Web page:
Alexander Ilyinsky was born in Tsarskoye Selo in 1859. His father was a physician in the Alexander Cadet Corps. His general education was in the First Cadet Corps at St Petersburg, and he served in the Artillery from 1877 to 1879. His music studies were in Berlin, under Theodor Kullak and Natanael Betcher at the Berlin Conservatory, and under Woldemar Bargiel at the Neue Akademie der Tonkunst. He returned to Russia in 1885, graduated from the St Petersburg Conservatory and taught at the Moscow Philharmonic Society School of Music and Drama. He resigned in 1899 and started giving private lessons. In 1905 he joined the staff of the Moscow Conservatory. His students included Vasily Kalinnikov, Anatoly Nikolayevich Alexandrov, Nikolai Roslavets, and the Finnish composer Väinö Raitio.
His major work, the 4-act opera The Fountain of Bakhchisaray, to a libretto based on Alexander Pushkin's poem, was produced in Moscow in 1911. He also wrote a symphony, a Concert Overture, a string quartet, three orchestral suites, a set of orchestral Croatian Dances, a symphonic movement called Psyche, two cantatas for female chorus and orchestra (Strekoza (The Dragonfly) and Rusalka), incidental music to Sophocles' Oedipus Rex and Philoctetes, and to Aleksey Konstantinovich Tolstoy's Tsar Fiodor Ioannovich, piano pieces, church music, songs, etc. His name is perhaps most familiar to music students for his Lullaby from the third orchestral suite (sometimes described as a ballet), "Noure and Anitra", Op. 13, which excerpt has appeared in many different arrangements.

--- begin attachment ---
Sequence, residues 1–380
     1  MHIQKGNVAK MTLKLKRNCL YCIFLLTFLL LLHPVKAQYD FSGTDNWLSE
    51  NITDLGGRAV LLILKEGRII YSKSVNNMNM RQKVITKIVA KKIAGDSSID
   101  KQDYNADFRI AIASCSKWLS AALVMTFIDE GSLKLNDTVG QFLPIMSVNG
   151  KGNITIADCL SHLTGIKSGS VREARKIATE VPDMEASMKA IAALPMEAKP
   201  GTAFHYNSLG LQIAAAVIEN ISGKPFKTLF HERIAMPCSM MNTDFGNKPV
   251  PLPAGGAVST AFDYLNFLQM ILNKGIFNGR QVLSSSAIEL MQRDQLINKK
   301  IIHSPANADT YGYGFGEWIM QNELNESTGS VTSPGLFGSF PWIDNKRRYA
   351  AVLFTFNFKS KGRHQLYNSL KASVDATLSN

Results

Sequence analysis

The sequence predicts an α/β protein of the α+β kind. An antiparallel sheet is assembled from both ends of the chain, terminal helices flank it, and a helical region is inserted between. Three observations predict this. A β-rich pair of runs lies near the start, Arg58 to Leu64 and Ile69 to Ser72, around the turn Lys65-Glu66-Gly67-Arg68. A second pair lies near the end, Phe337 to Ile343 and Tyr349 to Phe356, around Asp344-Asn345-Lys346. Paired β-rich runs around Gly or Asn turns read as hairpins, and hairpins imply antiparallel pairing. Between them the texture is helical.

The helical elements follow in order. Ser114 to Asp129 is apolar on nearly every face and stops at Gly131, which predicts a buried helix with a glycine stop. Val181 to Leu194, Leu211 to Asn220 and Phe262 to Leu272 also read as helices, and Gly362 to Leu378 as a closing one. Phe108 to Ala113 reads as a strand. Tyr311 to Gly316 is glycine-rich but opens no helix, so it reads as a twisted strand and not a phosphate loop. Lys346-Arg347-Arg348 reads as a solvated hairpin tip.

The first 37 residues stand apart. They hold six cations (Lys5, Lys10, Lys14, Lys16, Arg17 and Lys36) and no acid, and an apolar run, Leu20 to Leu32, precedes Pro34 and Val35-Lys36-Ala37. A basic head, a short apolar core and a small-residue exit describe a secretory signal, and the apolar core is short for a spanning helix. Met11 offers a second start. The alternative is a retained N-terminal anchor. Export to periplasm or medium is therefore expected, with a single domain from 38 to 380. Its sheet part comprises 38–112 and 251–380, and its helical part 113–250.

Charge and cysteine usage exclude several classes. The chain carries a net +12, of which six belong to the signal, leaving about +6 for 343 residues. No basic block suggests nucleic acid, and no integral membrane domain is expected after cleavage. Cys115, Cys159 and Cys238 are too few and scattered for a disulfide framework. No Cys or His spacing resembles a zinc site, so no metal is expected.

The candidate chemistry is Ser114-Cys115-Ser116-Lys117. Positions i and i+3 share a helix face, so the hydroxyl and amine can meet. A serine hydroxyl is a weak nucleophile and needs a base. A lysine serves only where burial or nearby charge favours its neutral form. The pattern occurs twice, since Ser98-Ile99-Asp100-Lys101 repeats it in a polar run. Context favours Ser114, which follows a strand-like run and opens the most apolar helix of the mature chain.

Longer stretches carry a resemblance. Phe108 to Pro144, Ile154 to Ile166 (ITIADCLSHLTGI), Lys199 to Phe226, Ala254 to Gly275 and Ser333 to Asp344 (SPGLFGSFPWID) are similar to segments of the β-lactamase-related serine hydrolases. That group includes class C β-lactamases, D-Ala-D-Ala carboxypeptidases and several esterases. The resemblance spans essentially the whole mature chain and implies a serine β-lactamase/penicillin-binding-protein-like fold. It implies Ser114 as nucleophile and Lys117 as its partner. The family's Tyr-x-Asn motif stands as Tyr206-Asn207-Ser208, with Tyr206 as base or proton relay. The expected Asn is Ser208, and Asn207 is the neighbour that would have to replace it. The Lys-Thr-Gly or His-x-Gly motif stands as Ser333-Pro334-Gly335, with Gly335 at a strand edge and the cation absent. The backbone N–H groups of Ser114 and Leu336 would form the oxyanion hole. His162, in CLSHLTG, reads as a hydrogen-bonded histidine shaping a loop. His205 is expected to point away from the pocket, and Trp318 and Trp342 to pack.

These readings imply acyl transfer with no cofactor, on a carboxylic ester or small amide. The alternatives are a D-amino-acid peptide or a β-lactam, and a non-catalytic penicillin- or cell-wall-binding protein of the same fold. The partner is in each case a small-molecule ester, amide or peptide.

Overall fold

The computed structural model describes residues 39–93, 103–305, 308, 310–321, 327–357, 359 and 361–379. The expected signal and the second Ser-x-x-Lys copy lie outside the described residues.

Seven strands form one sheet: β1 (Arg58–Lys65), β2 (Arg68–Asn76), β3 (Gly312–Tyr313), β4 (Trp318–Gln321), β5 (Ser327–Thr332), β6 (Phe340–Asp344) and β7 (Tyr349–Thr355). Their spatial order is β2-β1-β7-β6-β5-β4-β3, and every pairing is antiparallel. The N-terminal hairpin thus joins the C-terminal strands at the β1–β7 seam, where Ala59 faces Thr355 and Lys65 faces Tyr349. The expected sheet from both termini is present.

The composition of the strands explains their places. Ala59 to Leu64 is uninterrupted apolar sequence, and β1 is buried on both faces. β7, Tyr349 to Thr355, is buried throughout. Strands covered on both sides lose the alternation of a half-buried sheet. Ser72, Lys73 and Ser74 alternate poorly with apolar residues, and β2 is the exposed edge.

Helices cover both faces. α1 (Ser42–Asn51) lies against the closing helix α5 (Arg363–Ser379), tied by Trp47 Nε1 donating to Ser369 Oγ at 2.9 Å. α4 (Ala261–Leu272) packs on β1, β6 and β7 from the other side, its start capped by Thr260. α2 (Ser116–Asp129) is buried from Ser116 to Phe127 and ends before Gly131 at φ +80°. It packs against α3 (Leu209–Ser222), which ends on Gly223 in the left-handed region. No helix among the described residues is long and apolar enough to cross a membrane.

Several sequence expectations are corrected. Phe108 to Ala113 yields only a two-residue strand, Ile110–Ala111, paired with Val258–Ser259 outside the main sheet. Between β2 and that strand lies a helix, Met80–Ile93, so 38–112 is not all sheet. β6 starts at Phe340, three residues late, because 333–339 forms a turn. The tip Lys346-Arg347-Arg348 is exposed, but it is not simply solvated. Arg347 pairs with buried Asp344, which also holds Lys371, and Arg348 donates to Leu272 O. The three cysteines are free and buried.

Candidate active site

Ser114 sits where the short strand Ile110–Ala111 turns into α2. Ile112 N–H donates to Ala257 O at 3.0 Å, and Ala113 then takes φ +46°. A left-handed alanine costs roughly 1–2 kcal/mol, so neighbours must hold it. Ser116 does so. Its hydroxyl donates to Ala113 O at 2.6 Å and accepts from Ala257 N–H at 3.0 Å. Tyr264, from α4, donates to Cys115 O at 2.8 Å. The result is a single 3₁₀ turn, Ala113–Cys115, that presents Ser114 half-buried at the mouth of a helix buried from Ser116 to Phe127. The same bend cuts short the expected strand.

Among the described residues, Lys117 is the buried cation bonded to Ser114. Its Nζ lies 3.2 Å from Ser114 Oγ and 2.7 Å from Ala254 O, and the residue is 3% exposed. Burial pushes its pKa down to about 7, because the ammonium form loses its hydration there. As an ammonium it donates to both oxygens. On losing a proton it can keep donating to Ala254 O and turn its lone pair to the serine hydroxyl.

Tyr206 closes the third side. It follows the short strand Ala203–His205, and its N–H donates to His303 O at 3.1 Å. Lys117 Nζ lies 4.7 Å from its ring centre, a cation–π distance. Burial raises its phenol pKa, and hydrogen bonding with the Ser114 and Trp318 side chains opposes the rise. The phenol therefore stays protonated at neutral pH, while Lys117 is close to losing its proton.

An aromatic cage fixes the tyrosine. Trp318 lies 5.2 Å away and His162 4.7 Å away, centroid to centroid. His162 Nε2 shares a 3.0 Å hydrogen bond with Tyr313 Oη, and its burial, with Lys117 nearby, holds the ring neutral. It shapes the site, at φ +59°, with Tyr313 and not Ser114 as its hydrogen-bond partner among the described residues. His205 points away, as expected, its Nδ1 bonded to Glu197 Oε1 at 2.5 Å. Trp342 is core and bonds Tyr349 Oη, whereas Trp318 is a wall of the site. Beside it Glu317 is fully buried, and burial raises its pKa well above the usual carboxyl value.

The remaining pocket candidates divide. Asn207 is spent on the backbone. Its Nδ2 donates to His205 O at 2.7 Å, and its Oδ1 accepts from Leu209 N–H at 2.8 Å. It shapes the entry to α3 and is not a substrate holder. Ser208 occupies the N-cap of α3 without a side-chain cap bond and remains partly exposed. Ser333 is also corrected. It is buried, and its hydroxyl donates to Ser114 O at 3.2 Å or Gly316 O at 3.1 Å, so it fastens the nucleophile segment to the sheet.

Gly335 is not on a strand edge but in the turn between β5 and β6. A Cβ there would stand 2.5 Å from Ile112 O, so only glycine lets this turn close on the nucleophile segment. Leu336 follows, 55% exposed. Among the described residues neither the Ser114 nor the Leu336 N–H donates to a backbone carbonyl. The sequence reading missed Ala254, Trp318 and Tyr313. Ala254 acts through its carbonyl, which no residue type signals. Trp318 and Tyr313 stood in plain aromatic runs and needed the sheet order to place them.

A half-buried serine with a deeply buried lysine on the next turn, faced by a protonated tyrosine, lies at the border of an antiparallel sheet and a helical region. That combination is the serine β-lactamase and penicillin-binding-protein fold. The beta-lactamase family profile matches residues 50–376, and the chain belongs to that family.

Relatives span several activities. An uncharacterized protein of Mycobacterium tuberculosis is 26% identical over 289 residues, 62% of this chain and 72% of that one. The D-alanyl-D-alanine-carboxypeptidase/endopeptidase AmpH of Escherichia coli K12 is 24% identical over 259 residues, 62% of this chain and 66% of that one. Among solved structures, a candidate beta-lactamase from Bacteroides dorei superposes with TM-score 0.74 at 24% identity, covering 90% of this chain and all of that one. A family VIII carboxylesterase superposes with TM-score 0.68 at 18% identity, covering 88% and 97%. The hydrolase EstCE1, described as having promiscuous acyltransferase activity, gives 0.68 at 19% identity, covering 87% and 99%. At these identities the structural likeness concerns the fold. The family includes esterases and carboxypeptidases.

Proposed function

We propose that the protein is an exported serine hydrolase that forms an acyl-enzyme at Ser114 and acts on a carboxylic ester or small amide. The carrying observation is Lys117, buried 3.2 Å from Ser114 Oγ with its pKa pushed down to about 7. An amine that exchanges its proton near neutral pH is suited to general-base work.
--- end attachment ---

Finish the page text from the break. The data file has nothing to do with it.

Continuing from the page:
Alexander Ilyinsky also wrote "A Short Guide to the Practical Teaching of Orchestration" (1917), which remained in use long after his death. In 1904 there appeared under his editorship "Biographies of all Composers from the Fourth to the Twentieth Century". He edited the complete piano works of Beethoven for a commercial publication.
He died in 1920 in Moscow.
Orgy of the Spirits, an excerpt from The Fountain of Bakhchisaray, was used in the scores of the film East of Java (1935) and the adventure serials Tim Tyler's Luck (1937) and Flash Gordon's Trip to Mars (1938). It was also used as the theme music for the radio serial The Witch’s Tale.